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       findglare - locate glare sources in a RADIANCE scene


       findglare  [ -v ][ -ga angles ][ -t threshold ][ -r resolution ][ -c ][
       -p picture ][ view options ] [[ rtrace options ] octree ]


       Findglare locates sources of glare in  a  specific  set  of  horizontal
       directions  by  computing  luminance  samples  from  a RADIANCE picture
       and/or octree.  Findglare is intended primarily as a  preprocessor  for
       glare calculation programs such as glarendx(1), and is usually accessed
       through the executive script glare(1).

       If only an octree is given,  findglare  calls  rtrace  to  compute  the
       samples  it  needs.   If  both  an  octree and a picture are specified,
       findglare calls rtrace only for samples that are outside the  frame  of
       the picture.  If findglare does not have an octree and the picture does
       not completely cover the area of interest, a warning will be issued and
       everything outside the picture will be treated as if it were black.  It
       is preferable to use a picture with a fisheye view and a horizontal and
       vertical  size  of  at  least 180 degrees (more horizontally if the -ga
       option is used -- see below).  Note that the picture file must  contain
       correct   view  specifications,  as  maintained  by  rpict(1),  rvu(1),
       pfilt(1) and pinterp(1).  Specifically,  findglare  will  not  work  on
       pictures  processed by pcompos(1) or pcomb(1).  It is also essential to
       give the proper rtrace options when an  octree  is  used  so  that  the
       calculated luminance values are correct.

       The  output  of  findglare  is a list of glare source directions, solid
       angles and  average  luminances,  plus  a  list  of  indirect  vertical
       illuminance  values  as  a  function  of angle.  Angles are measured in
       degrees from the view center, with positive  angles  to  the  left  and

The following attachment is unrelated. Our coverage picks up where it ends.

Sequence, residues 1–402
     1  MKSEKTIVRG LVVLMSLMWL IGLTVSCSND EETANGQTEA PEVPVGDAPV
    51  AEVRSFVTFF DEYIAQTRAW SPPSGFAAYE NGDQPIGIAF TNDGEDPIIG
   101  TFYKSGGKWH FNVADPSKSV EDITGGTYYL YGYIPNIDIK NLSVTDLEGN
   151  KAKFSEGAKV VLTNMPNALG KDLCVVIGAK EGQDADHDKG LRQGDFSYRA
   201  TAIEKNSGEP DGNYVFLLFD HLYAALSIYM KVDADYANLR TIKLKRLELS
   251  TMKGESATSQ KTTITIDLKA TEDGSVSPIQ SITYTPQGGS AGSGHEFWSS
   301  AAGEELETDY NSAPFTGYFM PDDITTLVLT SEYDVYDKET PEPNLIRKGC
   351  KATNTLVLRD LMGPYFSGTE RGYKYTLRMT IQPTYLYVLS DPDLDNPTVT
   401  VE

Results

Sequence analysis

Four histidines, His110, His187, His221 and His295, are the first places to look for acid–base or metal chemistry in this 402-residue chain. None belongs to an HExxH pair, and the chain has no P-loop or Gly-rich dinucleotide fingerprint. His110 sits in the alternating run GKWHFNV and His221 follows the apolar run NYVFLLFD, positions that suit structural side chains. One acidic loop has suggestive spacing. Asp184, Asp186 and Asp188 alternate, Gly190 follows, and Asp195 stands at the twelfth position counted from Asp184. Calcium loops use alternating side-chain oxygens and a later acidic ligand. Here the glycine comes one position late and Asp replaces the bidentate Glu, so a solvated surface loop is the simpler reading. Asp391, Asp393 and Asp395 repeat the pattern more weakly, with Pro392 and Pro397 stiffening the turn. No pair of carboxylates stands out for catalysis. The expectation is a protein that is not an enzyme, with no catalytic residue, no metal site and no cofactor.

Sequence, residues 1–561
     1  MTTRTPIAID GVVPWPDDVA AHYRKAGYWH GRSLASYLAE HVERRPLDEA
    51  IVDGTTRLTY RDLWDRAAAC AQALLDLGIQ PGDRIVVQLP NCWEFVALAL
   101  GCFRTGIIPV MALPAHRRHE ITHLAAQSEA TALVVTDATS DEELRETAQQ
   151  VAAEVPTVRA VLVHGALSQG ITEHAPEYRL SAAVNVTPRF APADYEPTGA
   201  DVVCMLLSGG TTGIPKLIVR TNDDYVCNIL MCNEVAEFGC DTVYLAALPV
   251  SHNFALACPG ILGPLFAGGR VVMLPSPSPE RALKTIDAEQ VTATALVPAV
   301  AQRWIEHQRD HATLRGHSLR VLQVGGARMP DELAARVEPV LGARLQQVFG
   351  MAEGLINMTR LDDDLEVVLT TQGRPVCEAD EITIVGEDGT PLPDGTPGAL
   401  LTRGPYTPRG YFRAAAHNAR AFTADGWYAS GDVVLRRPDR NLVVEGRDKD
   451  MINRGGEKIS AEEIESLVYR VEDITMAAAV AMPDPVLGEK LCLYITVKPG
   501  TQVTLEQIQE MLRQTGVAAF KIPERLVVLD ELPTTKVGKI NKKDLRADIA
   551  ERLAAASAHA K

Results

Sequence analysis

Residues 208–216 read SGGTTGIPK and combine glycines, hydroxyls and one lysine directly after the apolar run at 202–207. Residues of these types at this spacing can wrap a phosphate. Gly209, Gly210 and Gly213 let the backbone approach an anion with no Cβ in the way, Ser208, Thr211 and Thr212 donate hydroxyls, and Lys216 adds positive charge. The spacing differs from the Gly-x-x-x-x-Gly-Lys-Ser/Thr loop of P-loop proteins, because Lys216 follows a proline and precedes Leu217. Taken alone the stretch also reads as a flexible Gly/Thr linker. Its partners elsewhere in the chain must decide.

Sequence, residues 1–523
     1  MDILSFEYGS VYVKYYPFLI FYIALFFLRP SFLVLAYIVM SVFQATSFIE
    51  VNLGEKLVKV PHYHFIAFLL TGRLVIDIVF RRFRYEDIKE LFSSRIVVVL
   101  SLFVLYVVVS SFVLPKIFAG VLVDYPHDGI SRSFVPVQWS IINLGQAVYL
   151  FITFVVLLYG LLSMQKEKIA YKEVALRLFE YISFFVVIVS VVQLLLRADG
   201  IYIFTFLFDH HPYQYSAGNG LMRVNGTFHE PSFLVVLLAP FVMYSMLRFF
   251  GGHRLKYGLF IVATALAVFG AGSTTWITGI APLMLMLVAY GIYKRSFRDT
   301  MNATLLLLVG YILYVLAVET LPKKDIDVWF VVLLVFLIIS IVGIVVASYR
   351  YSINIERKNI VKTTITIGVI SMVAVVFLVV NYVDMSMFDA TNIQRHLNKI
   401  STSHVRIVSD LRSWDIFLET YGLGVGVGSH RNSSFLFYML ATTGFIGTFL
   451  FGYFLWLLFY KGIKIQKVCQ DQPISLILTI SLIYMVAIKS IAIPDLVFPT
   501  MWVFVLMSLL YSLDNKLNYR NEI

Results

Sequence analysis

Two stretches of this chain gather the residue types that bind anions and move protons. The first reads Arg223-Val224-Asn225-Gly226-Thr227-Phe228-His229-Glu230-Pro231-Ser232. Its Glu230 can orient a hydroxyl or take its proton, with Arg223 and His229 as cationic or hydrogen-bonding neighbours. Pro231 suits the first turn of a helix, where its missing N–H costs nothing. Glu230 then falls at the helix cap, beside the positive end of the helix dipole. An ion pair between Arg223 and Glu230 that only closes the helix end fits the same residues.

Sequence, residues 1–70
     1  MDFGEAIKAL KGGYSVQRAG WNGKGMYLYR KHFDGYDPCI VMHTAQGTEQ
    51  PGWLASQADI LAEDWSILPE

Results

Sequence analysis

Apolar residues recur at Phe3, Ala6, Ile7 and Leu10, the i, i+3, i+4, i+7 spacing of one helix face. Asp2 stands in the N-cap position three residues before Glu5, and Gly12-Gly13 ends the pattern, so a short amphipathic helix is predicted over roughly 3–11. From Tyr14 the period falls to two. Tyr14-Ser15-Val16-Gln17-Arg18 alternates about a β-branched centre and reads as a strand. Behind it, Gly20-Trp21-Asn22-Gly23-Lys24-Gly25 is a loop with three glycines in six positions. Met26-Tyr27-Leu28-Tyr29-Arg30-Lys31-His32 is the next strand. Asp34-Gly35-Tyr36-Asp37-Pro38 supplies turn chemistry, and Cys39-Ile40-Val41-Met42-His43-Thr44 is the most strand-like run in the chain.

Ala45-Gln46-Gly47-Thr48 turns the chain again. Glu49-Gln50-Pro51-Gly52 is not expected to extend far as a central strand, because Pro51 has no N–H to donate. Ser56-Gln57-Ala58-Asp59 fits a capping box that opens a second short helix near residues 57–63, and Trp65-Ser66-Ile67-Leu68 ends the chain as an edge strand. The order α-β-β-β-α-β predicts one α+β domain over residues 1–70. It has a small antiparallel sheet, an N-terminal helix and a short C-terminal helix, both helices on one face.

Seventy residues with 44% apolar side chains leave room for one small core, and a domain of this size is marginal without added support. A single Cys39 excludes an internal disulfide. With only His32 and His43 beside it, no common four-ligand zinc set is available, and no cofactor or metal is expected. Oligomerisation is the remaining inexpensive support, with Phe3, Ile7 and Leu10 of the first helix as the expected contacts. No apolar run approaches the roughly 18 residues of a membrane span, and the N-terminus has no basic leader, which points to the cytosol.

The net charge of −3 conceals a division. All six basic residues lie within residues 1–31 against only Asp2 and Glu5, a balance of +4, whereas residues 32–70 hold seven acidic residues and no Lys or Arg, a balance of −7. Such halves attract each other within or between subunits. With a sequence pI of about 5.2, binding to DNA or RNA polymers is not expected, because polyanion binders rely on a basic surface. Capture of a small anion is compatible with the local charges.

negative angles to the right.

       By default, findglare only computes glare sources and indirect vertical
       illuminance for the given view (taken  from  the  picture  if  none  is
       specified).  If the view direction is not horizontal to begin with (ie.
       perpendicular to the view up vector),  findglare  will  substitute  the
       closest horizontal direction as its view center.  The -ga option can be
       used to specify a set of directions to consider  about  the  center  of
       view.   This  specification is given by a starting angle, ending angle,
       and step angle like so:
       All angles must be whole degrees within the range 1 to  180.   Multiple
       angle  ranges  may be separated by commas, and individual angles may be
       given without the ending and step angles.   Note  that  findglare  will
       complain  if  the  same  angle  is  given  twice  either  explicitly or
       implicitly by two ranges.

       Findglare normally identifies glare  sources  as  directions  that  are
       brighter  than  7 times the average luminance level.  It is possible to
       override this determination by giving an explicit  luminance  threshold
       with  the  -t  option.   It  usually  works best to use the ’l’ command
       within ximage(1) to decide what this value should  be.   Alternatively,
       one  can  use  the  ’t’  command  within rvu(1).  The idea is to pick a
       threshold that is well above the average level  but  smaller  than  the
       source areas.

       If  the sources in the scene are small, it may be necessary to increase
       the default sample resolution of findglare(1) using the -r option.  The
       default resolution is 150 vertical samples and a proportional number of
       horizontal samples.  If besides being small, the sources are  not  much
       brighter  than  the  threshold,  the -c flag should be used to override
       findglares default action of absorbing small sources it  deems  to  be

       The  -v  flag  switches  on  verbose  mode, where findglare reports its
       progress during the calculation.


       To calculate the glare sources in the image "scene.hdr":

         findglare -p scene.hdr > scene.glr

       To compute the Guth visual comfort probability from this result:

         glarendx -t guth_vcp scene.glr

       To compute the glare for a set of angles around the view "good.vp" from
       the octree "scene.oct" using an ambient level of .1:

         findglare -vf good.vp -ga 10-60:10 -av .1 .1 .1 scene.oct > scene.glr


       Greg Ward


       Work on this program was initiated and sponsored by the LESO  group  at
       EPFL in Switzerland.


       getinfo(1),   glare(1),  glarendx(1),  pfilt(1),  rpict(1),  rtrace(1),
       rvu(1), xglaresrc(1), ximage(1)